News Tip: Second Term Expectations for Health Care, Energy

Expect controversy over health care reform, some attention to climate change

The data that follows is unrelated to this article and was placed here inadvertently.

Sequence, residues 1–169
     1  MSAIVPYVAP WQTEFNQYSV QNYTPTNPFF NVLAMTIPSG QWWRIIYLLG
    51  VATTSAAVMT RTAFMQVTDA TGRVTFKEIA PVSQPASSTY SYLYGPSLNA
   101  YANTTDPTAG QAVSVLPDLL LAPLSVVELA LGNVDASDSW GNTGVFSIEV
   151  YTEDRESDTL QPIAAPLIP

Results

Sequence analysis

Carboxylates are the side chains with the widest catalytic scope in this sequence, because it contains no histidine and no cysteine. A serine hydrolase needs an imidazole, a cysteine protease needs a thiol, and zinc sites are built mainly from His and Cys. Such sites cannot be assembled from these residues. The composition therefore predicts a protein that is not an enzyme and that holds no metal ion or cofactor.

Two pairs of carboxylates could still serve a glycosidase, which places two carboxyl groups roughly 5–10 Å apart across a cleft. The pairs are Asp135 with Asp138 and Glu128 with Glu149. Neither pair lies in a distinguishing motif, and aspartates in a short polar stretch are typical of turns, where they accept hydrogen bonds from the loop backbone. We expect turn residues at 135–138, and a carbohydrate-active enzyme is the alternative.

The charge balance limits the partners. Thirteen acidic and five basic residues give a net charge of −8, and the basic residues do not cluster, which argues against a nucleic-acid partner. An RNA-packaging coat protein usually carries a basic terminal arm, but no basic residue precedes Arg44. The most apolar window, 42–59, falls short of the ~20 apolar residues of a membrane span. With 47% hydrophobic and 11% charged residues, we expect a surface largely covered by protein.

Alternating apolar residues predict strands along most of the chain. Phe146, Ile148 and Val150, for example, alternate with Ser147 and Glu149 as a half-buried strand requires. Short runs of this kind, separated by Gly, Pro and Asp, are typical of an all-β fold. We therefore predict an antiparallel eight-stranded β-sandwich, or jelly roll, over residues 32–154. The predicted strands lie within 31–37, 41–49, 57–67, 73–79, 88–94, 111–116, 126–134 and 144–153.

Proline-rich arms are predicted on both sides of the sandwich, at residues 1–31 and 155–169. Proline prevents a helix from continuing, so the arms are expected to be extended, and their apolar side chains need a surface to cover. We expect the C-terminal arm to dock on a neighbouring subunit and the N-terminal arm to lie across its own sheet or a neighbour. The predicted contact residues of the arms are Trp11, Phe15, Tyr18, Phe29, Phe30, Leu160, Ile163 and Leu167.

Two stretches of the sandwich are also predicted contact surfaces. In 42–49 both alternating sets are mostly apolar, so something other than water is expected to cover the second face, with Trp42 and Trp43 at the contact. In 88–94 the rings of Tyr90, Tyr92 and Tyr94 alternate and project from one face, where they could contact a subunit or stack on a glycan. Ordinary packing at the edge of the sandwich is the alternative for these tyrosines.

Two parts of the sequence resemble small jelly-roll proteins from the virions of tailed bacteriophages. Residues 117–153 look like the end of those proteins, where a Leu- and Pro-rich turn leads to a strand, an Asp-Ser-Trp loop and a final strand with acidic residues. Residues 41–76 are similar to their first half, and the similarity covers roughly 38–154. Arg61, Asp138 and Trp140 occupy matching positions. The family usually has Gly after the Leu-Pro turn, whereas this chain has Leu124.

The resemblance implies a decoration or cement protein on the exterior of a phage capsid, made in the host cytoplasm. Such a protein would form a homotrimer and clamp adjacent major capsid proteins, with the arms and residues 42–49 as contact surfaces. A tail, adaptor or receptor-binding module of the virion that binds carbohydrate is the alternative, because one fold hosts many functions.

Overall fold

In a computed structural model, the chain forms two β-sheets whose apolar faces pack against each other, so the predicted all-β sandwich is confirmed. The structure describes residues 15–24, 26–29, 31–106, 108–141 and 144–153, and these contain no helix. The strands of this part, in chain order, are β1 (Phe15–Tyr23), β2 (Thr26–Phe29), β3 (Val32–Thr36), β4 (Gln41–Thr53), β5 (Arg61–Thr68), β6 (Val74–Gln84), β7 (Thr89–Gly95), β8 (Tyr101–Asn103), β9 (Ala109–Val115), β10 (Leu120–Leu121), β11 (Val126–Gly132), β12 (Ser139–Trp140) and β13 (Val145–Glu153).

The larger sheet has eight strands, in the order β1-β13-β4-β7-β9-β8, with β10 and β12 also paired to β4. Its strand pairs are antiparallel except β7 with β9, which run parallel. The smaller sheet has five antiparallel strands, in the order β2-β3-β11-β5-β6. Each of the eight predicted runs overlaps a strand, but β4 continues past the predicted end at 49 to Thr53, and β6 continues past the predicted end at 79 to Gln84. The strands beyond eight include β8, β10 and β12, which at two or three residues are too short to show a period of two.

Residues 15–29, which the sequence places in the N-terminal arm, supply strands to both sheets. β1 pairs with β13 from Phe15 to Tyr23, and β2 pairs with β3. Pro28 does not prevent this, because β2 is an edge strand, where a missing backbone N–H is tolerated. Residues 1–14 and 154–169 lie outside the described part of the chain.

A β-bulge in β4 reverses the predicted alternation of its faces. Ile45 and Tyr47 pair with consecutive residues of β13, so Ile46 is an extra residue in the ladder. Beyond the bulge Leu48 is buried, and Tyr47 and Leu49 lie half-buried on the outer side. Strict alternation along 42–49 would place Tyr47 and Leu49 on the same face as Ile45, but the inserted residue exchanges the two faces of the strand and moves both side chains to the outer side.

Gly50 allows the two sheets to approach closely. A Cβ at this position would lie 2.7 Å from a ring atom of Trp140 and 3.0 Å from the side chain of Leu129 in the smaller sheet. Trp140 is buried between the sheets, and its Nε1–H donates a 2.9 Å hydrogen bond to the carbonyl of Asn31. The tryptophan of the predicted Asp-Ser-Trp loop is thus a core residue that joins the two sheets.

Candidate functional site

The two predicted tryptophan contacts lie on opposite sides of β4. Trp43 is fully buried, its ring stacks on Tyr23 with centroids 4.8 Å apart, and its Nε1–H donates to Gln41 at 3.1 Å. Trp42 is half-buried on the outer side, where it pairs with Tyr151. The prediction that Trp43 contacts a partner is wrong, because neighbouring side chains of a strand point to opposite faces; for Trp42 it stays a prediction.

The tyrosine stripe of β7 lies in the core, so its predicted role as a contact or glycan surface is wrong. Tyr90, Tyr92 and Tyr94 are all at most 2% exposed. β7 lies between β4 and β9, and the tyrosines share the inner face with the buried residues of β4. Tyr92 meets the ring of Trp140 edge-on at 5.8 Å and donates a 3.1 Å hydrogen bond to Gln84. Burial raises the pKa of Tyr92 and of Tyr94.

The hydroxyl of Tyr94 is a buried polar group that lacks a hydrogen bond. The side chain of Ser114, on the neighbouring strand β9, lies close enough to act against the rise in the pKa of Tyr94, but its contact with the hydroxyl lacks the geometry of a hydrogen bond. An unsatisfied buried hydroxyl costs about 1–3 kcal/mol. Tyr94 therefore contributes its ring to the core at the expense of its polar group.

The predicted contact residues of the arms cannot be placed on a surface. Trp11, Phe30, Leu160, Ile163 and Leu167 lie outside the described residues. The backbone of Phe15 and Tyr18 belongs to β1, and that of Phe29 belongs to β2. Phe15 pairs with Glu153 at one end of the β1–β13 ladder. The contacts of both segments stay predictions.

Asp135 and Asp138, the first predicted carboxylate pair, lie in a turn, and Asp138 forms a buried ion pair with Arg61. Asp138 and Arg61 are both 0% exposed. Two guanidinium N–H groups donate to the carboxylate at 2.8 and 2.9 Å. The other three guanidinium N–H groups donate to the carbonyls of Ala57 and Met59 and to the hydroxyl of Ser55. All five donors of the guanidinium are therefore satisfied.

The following Duke University experts are available to comment.Dr. Peter A. UbelProfessor of business administration and public policy, Duke Universitypeter.ubel@duke.edu Ubel is a physician who uses decision psychology and behavioral economics to explore topics such as informed consent, shared decision-making and health care rationing. He blogs at"As 'Obamacare' rolls out during the president's second term, the law will continue to spark controversy. Watch in particular for claims of rationing and even 'death panels' to accompany the formation of the IPAB, a committee of 15 medical experts given the job of recommending ways to control Medicare expenses if they rise too quickly.  "Keep an eye out for what this means for fact checking, too. The death panel claim was widely derided as the lie of the year by fact-checking organizations, but is nevertheless believed to be true by almost 40 percent of Americans.  "Debates over IPAB could also prompt serious discussion about how best to control Medicare expenditures, whether cutting payments to physicians and pharmaceutical companies is the way to go, for example, versus restricting the kind of services Medicare covers. Controlling health care costs is a huge challenge for the country, and one that few people on either side of the aisle believe will be met by Obamacare in its current form."Tim ProfetaDirector, Nicholas Institute for Environmental Policy Solutions, associate professor of the practice of public policy, Duke Universitytim.profeta@duke.edu Profeta's areas of expertise include climate change and energy policy, the Clean Air Act, and adaptive use of current environmental laws to address evolving environmental challenges.Quote:"Expectations are low for climate and energy legislation in the second term, although I expect to see a push for a carbon tax as a potentially acceptable revenue-raiser in fiscal cliff negotiations. Without climate and energy legislation, the Obama administration will face pressure to move forward on climate change, particularly in the wake of New York Mayor Bloomberg's endorsement of the president on the issue of climate change after Hurricane Sandy."The president's executive authority -- particularly under the Clean Air Act -- presents both the opportunity to develop and implement more clean technology and address global warming, as well as the political peril created by fears of further greenhouse gas regulation across the Midwest."